And for the first 8 bulls that night, he really did. He stood close to the fence, he climbed back up as soon as the bull charged in his direction and he was cautious. But by bull number 9, (too many) a few rum and cokes later, he felt braver than ever. Him and a few of his friends decided to play a game called “blind chicken”. The idea was for the boys to sit on the grass in the middle of the field with their backs facing the stables door. They would rely on the signs of other spectators to know when the bull was close and it was time to get up and run for their lives. It all sounded good….in theory. Except the game had a big flaw. The guys didn’t realize that by the time someone signaled for them to get up and run it could already be too late.
This bull was angry. He knocked off his rider in a few seconds and charged at Max and his friends. Seeing the faces of the spectators they jumped up and rushed towards the fence, two or them veering to the left and Max to the right.
Max was a millisecond too slow and a second later the bull was at his back, with his horns right up his back. He pushed him, knocking Max off his feet.
“MAX!!!” – I screamed at the top of my lung as my heart sank.
The bull jumped over Max’s flat body charging at another group by the fence. The next second felt like an eternity. I didn’t know how hard of a fall he’s taken, I didn’t know if the bulls horn seriously hurt his back, I didn’t know if he had stepped on Max or if he had broken Max’s back. I waited for a sign, afraid to breathe, to think and to say anything.
“He’s ok! He’s ok!” – Jessica’s voice jolted me out of shock. She gave me a hug. Max was off the ground making his way towards the fence. I was shaking, I was angry, but I was so relieved.
“I’m ok” – he said a few minutes later as he reached over for a kiss. “Nothing more than a scratch”
He knew he was lucky. I knew he was lucky. Everyone around us knew his was lucky.
Crowds of locals rushed towards Max trying to get the full story of what happened. He was shaken up but he reveled in attention. I was still shaking. I hugged him tightly as he came out of the ring, refusing to let go of his hand for the rest of the night. That evening, I was in no mood to experience the rest of the fiesta.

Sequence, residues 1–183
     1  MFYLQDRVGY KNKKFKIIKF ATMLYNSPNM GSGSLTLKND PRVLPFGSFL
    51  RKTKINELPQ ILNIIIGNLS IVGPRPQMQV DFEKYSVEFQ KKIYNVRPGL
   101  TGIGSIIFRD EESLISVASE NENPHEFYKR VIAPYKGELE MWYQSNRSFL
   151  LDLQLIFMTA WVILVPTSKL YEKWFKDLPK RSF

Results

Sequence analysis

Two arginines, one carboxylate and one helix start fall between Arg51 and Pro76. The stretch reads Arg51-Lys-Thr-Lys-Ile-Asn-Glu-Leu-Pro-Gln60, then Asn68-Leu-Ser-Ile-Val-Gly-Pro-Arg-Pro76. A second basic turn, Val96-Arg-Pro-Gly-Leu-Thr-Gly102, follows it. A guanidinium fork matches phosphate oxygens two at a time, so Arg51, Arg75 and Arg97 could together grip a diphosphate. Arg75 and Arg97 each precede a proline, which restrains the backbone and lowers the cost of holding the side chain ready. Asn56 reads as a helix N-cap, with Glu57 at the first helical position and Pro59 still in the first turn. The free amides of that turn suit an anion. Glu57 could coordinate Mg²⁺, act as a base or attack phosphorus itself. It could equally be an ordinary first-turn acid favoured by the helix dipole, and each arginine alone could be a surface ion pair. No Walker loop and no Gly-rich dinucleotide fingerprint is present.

Luckily, it was day 1 and the festivities were just getting started. We went back to the fiestas the next evening and again a few days later. Max went back inside the ring, playing a lot less games and taking a lot less risks. There were no other incidents. Just good fun, laughter, and entertainment. On our last night at the fiesta, when the bull riding competition came to an end, we stayed behind to enjoy the carnival games, the rides, and of course the dancing!
The fiestas typically feature a great array of great Costa Rican dishes, so I made sure to try as many as I could: chicharrones, chop suey, fried chicken, green mango, and the local’s favourite – “copos” (shaved ice dessert). The food incredibly cheap, the cheapest we have seen it, priced clearly for the locals without the tourist markups.
Beers were only 800 colonies, just over USD $1.5. It’s still expensive compared to 500-600 colonies in the grocery stores, but very acceptable by locals’ standards. That night, the beers were flowing and with every sip I felt more and more comfortable among the locals. Eventually Max and I hit the dance floor, hoping that we would blend right in. And we did, or at least we felt like we did…
The fiesta was shut down at 11pm, but we continued on with the night, following the local crowd to a nearby hole-in-the-wall bar. The air in the bar was infused with latin heat (literally), the room was filled with sounds of merengue and the smell of rum. It was intoxicating…in the best way possible.
I think it was that day and that night that I really fell in love with the Costa Rican culture…
Have you ever fallen in love with another culture during your travels?